Putting up a Christmas tree
when you’ll be gone
for Christmas is a bit like
taking your sister to
the prom. The ornamental
satisfaction is the same
or nearly the same.
Your house, a gangly
teenage boy, is all dressed up
and presenting its corsage—
the lights a kind of doorbell
for the eyes. But the tree
pities you, or you pity it.
With no gifts below, it’s
like the man ringing a bell
outside Walmart. (If
salvation’s an army,
there are many deserters…)
You and the tree both know
that, after some dancing
and some punch, absolutely
nothing will happen.
Every dream is platonic,
and every prayer, a wise guy.
No heart can ever be king.
Here are sweet peas, on tip-toe for a flight…
–John Keats, “I Stood Tiptoe upon a Little Hill”
Peas make carbonara divine: a little sweetness,
a little green, a little pre-masticated mush.
Yet alone, like bachelorettes flirting nakedly
with a bowl—no, thank you. I’d rather eat pebbles….
Well, tonight they arrived by frozen ambulance:
a kind of Santa, though not for the mouth,
that ridiculous chimney, but for the hand or arm.
A coldness so kind it can pull you from the past
and its roiling riptide, deliver you by nerve-ending
to the shore, to certain sand. Years ago,
at Christmas, in foster care, a much older boy
who’d been sodomized by his father brutally
attacked our son. Ever since, it’s been a season
of infected needles—the tree a hospital all lit up,
the whiteness of oblivion calling and calling…
(When the sky dissociates, Humpty Dumpty
accumulates on the ground.) Although I loathe
the boy for what he did, I know that the attack
was nothing more than paying for the meal of the car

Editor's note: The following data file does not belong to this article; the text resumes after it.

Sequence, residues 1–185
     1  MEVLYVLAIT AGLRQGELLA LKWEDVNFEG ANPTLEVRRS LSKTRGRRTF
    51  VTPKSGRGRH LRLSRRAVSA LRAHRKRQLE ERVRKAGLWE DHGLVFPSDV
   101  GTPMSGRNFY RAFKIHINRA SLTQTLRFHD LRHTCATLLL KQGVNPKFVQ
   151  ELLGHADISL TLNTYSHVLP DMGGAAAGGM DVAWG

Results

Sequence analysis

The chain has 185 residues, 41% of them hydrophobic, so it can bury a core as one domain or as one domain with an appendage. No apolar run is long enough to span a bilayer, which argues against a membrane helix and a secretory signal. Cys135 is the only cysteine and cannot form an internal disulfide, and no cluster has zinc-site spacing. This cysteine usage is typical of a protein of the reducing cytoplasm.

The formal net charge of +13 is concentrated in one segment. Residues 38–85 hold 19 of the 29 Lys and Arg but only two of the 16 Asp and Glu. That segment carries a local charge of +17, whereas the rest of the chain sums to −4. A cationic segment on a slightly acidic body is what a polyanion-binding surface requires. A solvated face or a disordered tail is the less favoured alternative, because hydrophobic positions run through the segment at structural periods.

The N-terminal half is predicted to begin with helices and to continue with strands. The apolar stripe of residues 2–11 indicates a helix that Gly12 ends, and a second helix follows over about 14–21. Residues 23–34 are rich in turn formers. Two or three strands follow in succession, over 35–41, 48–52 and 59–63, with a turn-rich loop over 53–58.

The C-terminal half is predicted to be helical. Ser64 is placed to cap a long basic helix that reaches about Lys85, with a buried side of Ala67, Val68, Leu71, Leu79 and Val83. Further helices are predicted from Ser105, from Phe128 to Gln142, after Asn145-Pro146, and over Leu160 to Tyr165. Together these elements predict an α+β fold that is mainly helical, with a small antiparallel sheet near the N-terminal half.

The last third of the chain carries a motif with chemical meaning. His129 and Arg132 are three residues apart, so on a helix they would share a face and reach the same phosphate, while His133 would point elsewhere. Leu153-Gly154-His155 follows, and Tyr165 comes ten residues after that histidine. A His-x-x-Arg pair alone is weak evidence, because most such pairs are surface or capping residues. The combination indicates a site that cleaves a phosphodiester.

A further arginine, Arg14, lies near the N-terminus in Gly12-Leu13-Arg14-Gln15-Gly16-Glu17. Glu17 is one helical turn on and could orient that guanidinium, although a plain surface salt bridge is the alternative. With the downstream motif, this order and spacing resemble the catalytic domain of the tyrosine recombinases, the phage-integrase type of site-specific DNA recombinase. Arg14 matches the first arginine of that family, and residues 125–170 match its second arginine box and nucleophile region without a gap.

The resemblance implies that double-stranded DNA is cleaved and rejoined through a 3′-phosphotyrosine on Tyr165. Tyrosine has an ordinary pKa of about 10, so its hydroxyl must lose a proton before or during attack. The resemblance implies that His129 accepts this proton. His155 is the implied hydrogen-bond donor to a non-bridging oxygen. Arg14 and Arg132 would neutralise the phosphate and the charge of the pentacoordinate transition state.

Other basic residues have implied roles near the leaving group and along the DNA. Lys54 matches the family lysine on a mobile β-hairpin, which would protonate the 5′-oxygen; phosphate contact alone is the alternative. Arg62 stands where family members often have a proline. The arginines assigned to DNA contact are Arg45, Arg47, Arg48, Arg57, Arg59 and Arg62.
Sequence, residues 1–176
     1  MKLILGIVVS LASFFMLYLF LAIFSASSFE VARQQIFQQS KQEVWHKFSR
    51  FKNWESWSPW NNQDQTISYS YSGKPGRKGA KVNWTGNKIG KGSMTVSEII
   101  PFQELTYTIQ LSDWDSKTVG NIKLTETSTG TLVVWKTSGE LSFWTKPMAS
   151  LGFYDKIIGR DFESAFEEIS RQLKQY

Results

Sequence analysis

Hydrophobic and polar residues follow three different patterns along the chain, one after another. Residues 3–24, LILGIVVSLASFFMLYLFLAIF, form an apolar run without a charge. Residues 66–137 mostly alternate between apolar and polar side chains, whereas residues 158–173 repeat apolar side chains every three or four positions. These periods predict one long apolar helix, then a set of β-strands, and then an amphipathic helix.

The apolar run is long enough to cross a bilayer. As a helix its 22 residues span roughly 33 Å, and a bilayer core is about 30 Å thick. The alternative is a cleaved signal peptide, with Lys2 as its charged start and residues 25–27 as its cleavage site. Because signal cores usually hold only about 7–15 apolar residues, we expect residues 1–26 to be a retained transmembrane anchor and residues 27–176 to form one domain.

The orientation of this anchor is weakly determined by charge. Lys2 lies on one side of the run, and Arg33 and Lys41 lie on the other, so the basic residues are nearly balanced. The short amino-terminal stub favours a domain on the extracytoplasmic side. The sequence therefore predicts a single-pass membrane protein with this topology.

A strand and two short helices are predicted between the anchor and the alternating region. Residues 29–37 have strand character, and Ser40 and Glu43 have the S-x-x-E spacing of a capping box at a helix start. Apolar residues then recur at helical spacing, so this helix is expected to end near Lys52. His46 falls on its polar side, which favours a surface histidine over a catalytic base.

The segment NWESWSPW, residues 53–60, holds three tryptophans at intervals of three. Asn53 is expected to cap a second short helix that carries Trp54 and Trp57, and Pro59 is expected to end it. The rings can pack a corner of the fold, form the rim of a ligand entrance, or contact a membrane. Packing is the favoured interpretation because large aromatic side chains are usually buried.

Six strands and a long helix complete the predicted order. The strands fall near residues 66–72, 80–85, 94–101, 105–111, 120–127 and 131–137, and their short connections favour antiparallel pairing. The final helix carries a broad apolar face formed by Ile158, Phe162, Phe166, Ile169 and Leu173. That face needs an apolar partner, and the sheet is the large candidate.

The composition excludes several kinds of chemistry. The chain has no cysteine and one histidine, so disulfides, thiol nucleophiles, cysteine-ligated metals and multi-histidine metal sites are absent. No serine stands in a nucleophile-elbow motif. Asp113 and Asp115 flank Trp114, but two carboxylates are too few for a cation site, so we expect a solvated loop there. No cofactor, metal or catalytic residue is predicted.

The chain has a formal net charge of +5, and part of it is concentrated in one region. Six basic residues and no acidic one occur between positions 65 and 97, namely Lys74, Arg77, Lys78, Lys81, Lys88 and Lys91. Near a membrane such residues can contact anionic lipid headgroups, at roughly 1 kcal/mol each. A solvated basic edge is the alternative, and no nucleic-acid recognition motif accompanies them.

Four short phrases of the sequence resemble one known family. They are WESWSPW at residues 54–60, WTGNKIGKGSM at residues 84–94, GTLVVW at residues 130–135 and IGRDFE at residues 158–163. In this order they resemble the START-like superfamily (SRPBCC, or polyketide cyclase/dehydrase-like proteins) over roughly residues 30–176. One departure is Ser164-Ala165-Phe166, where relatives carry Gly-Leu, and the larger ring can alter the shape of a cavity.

behind at a drive-through in hell. Happy Holidays!
As our son flailed on the couch, threatening to put
his head through a phantom window, the peas
arrived on their sleigh and beat back the demon
with their one and only gift: the present. Our son
looked up at us and smiled, then looked down
at his hands in wonder—none of us can ever quite
believe this tactile trick. Once as a boy, coming
out of anesthesia, he typed on his computer
(he doesn’t speak), Easy breathing forever.
We were at the dentist. For years, he couldn’t
tolerate anything human in his mouth. Now,
opening the door to his bedroom and watching
his chest rise and fall, angry at myself for becoming
angry with him, tired as spent tinsel, I think
of my friend’s mother who insisted that the last line
of “Silent Night” is sleep in heavenly peas.
Ralph James Savarese is the author of three books of poetry: Republican Fathers (Nine Mile Books); When This Is Over (Ice Cube Press); and, with Stephen Kuusisto, Someone Falls Overboard: Talking through Poems (Nine Mile Books).